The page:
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Wednesday, November 6, 2013

How Green are Electric Car Batteries?

The electric car is increasingly popular on our roads and thanks to greater efficiency, a more main stream adoption of the autos and also better quality cars. Even with the fossil fuelled alternative becoming more efficient in recent years, the electric car is still pushing itself up the car ranks each and every year.

Of course, the main power source of such a car is the lithium battery and it’s improvements in these areas that have really and truly helped these cars become more popular. Ranges have increased dramatically, as have lifespans and the weight of the batteries. However, one has to ask how green are these car batteries really? We want to know how green the Nissan Leaf we offer at frontierleasing.co.uk is and so let’s  take a look.


Lithium is a natural resource and unlike many others used in manufacturing is very easy to get to and doesn’t require destruction of the earth. There’s no need for strip mining or dynamite in the creation of lithium. Most lithium on earth is located in South America in the Andes, though there are smaller amounts also located around the world elsewhere too, though the South American version is easier to extract.

Most Lithium

Most lithium is found in underground ponds and is easily extracted from the lake. The lakes are generally pumped and then the lithium is what remains on the bottom. This results in it being left to dry in the sun and soon the muddy gloop becomes lithium carbonate. This can then be sent for processing, which is also clean and easy to do. Most of the harmful materials in lithium batteries are in fact copper and aluminium and their extraction.

The other main source of pollution for these devices is the transport of the materials. This transport uses fossil fuel powered vehicles to move from A-B and this causes issues.

The battery is then assembled at the plant and then placed in the car, which will then produce no emissions.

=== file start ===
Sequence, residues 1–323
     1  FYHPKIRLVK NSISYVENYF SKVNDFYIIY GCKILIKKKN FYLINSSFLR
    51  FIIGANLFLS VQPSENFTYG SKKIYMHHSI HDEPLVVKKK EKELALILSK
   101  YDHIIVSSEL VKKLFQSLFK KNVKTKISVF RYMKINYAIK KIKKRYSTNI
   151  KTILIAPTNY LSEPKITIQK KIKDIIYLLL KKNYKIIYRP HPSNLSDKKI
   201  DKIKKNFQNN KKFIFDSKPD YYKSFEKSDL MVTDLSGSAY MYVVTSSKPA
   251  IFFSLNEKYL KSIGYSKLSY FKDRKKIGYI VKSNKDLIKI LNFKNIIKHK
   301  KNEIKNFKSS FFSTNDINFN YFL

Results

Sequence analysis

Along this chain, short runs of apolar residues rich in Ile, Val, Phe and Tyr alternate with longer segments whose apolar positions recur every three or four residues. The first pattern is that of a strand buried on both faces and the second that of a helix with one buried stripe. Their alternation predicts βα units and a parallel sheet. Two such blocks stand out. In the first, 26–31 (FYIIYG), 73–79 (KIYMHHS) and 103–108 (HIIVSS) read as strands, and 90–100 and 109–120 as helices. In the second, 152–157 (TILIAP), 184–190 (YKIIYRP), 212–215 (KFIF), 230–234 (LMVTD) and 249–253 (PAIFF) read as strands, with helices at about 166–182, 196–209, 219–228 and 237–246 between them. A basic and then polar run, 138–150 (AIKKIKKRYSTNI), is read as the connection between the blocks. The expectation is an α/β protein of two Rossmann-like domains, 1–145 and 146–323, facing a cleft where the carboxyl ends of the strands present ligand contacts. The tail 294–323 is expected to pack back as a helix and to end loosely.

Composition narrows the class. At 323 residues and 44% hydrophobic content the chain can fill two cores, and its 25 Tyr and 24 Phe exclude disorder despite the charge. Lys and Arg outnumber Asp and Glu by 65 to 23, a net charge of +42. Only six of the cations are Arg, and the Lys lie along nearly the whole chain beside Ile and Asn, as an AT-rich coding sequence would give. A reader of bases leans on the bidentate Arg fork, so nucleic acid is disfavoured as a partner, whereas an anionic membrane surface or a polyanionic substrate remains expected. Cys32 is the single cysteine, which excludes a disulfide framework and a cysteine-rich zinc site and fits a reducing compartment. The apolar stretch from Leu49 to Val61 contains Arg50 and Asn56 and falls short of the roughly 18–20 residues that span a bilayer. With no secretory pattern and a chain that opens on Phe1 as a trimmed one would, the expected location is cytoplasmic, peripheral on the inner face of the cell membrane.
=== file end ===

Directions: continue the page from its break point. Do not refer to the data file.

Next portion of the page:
Charge and Charge Holding

A lithium battery will hold up to 80 per cent of a charge after a decade, which is still quite good considering the age of the technology. When the charge runs below this rate the battery can still be used however. Many of these batteries are then sent to wind farms, where they are used to store power that’s created from a grid. Eventually, however they do outstay their lifespan and need to be recycled.

A large part of a lithium car battery can be recycled and most of the useful bits are reused. For instance electric car manufacturer Tesla will use the fluids from the battery for cooling. They also use the wires and batteries again too. All the other remaining pieces are recycled and separated into individual metals to be used again elsewhere.

Lithium batteries main issue is the lack of recycling plants, however because these batteries are only currently coming to market, in time they should pop up in abundance as there is a need for them and money to be made.

So, as you can see the lithium battery is quite a practical form of power for a car and a quite green one too.

Author Bio:
Derek Devlin is a lover of cars and autos and has written for a variety of auto sites in his time. He loves electric cars and is very fond of Tesla’s movements.

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